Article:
Effect on flow after sudden expansion

In summary, the proposed modification will increase the flowrate in the piping, but it is not certain how much more water the u/g tank will fill.

Hi everybody,

My query is regarding "the effect of flow rate due to sudden expansion in a pipeline keeping the inlet and out let conditions constant i.e. no pump or turbine in the pipeline"

There is a 50NB (mm, Nominal Bore) tapping in a 150 NB water pipeline and this 50 NB pipeline extend upto the underground tank which is approx. 100 mtrs from the tapping. i.e. the lengh of 50 NB pipe is 100 mtrs. With is arrangement, we are getting, say Q1 flow in the underground tank and the tank is getting 50% filled. Now we want to increase the flow. Hence, we want to do the following modification in the line 50 NB pipeline. We are planning to provide a expander (50 NB x 80 NB) at a distance of approx. 200 mm from the header tapping and will extend the 80 NB upto the underground tank. The entry point of pipe in the underground tank is at the top.
Now, my question is, by doing this modification, whether there is any increase in flow of water so that the u/g tank will get filled with more water?
(Please note that the pressure in the main header (150 NB) is constant and at the end of 80 NB line is also atmospheric pressure.)
I have attached a schematic diagram of the proposed modification for ready reference

Regards,
Shri

Attachments

• Pipeline Modification.pdf
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You can compute the flow rate in the pipes (the 200 mm one and the 100 meters one) with the abacus published in this site: http://www.fristam.de/pdf/2uk.pdf
Of course, there will be some differences with reality because the flow and the loss of head at the junctions is hard to model.

Hi shrip,
Welcome to the board.
Now, my question is, by doing this modification, whether there is any increase in flow of water so that the u/g tank will get filled with more water?
There will be an increase in flow rate, but the level at which the water will rise won't change. I think you're only asking about flow rate though, not level in the tank, is that right?

If you'd like an example of how to calculate flow through a pipe, check the examples I posted here:

To determine the added restriction of a sudden expansion, you can use the resistance coefficient given in Crane paper #410, which any engineer doing pipe flow should have a copy of. You can also find that information outlined for sudden and gradual expansions here:
Sudden:

http://www.mathworks.com/access/hel...sudden+expansion+resistance+coefficient+crane

Note that there's also an entrance and exit loss associated with the system you show.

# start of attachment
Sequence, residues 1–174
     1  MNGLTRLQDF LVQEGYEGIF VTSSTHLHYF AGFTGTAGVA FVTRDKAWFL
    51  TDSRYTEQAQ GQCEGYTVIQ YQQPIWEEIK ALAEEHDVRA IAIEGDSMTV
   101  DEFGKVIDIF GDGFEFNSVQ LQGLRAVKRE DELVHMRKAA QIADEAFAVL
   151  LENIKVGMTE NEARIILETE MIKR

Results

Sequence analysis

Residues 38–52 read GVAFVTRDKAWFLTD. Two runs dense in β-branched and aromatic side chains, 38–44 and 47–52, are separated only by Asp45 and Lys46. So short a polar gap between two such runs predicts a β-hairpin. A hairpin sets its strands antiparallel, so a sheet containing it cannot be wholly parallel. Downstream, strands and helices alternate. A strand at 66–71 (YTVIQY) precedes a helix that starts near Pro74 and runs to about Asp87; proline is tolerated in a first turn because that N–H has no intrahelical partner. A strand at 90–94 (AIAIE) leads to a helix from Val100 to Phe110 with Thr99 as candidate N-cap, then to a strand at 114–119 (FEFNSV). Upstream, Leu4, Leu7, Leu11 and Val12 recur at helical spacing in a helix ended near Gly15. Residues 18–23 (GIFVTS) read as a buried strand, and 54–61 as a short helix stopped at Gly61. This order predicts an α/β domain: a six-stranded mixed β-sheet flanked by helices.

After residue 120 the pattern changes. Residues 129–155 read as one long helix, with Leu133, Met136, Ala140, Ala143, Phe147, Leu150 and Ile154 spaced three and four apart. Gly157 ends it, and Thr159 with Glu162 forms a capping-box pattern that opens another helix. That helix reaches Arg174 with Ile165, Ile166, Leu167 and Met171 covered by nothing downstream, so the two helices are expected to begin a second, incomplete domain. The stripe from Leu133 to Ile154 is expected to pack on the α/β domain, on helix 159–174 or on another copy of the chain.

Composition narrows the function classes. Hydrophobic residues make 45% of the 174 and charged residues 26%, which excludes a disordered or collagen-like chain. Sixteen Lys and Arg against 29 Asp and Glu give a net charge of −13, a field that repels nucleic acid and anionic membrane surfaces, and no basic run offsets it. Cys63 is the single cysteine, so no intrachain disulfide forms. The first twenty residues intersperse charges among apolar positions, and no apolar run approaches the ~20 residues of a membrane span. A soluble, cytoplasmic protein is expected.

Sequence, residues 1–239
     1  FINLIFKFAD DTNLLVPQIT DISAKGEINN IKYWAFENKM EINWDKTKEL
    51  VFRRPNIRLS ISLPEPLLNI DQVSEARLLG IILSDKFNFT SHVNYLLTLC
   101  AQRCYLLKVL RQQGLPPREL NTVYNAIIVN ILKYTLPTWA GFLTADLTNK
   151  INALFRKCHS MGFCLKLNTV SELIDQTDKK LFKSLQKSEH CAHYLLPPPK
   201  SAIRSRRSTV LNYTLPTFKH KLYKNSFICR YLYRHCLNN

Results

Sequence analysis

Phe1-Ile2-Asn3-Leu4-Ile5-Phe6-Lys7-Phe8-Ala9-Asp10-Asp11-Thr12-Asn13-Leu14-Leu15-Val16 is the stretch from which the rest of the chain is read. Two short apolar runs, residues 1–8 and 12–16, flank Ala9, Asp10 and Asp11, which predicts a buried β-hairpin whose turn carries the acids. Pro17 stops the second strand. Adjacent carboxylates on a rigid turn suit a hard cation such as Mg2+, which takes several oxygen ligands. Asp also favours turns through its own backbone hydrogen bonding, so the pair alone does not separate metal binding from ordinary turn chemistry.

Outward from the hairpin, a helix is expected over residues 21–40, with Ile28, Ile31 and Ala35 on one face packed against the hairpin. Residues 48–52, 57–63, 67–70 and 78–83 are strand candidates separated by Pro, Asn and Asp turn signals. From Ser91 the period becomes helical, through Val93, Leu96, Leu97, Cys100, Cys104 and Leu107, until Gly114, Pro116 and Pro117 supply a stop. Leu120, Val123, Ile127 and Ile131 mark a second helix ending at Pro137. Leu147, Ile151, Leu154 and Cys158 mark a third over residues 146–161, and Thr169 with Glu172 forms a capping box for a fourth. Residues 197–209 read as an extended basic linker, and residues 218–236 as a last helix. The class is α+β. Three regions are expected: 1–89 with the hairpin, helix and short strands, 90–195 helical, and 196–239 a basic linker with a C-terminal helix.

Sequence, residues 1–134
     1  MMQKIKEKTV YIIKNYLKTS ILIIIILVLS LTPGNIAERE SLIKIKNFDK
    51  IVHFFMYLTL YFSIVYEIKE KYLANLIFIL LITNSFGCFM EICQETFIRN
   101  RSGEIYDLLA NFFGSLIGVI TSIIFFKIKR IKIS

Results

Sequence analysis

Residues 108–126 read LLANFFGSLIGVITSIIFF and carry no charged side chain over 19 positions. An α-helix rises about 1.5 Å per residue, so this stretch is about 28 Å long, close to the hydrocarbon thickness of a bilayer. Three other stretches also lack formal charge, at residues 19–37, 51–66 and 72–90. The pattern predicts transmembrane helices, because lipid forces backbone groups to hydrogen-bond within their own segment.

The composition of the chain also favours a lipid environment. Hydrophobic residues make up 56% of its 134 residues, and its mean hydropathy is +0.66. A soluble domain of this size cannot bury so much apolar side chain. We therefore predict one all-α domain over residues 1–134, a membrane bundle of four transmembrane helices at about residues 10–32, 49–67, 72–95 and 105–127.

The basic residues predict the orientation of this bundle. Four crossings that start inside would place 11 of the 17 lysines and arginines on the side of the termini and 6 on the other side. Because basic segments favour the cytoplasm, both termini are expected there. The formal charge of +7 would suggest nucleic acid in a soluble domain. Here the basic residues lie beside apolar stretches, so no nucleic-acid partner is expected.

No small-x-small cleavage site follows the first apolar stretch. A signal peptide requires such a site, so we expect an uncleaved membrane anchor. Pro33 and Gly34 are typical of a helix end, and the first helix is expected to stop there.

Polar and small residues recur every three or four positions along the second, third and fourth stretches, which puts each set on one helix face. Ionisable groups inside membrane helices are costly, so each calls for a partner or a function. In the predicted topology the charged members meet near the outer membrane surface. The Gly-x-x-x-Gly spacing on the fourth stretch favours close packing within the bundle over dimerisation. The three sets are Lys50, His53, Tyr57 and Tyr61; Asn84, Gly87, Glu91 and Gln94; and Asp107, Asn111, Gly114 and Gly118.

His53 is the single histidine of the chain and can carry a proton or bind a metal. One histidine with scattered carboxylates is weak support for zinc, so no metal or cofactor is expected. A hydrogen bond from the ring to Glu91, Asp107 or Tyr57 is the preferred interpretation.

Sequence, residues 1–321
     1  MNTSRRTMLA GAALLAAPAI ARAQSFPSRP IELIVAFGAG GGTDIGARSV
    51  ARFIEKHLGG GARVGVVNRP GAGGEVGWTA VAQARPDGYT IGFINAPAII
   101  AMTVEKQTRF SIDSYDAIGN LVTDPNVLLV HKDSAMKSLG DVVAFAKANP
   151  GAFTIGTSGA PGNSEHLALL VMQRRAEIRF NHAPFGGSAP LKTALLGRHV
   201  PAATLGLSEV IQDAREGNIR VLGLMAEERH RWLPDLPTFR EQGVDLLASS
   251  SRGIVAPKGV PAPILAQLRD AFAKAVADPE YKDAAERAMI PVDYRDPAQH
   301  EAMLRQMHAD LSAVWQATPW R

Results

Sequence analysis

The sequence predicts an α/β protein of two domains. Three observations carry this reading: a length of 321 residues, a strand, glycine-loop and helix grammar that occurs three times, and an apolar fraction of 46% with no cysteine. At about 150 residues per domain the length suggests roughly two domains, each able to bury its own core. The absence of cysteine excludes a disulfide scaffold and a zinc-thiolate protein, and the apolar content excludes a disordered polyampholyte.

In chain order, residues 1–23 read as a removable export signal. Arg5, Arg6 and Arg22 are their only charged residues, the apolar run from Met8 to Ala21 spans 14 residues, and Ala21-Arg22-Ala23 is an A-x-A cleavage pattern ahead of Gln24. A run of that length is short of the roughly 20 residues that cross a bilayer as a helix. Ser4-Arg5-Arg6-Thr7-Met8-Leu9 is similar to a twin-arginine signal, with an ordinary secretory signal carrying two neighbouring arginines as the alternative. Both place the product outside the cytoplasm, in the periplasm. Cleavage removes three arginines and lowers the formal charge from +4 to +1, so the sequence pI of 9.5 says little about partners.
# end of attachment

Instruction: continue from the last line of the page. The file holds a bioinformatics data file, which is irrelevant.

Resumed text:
There are two non practical assumptions here. One is that there is no pump in the system. Second one is that pressure in the header remains constant. I don't have issues (if mods forgive me) as long as this is a homework problem. Otherwise, better description of the system may yield better answer.

As the length of the piping, difference of inlet and outlet pressures (i.e the system pressure drop) are constant and ignoring the different in pipe roughnesses, you can approximately compute the new flowrate by D-W equation. Upon simplification, the ratio of flowrates equals square root of 5th power of diameter ratio. So, your flowrate may tripple, approximately.

1. What is the "sudden expansion" phenomenon in fluid flow?

The sudden expansion phenomenon in fluid flow refers to the abrupt increase in cross-sectional area of a pipe or channel, causing a sudden decrease in the flow velocity of the fluid. This can result in changes in pressure, velocity, and turbulence in the flow.

2. How does sudden expansion affect flow rate?

Sudden expansion can cause a decrease in flow rate due to the sudden decrease in velocity. However, the extent of the decrease in flow rate depends on factors such as the expansion ratio, Reynolds number, and fluid properties.

3. What is the effect of sudden expansion on pressure?

The sudden expansion can cause a decrease in pressure due to the decrease in velocity and increase in cross-sectional area. This decrease in pressure can lead to the formation of vortices and turbulence in the flow, which can affect the overall pressure distribution.

4. How does sudden expansion impact the flow profile?

Sudden expansion can cause changes in the flow profile, particularly near the expansion region. The flow may become more turbulent, and the velocity distribution may become more uneven. The extent of these changes depends on the expansion ratio and Reynolds number.

5. Are there any practical applications of studying the effect of sudden expansion on flow?

Yes, the study of sudden expansion in fluid flow has several practical applications. It is commonly encountered in industrial processes, such as in piping systems, heat exchangers, and chemical reactors. Understanding the effects of sudden expansion can help optimize these systems for better performance and efficiency.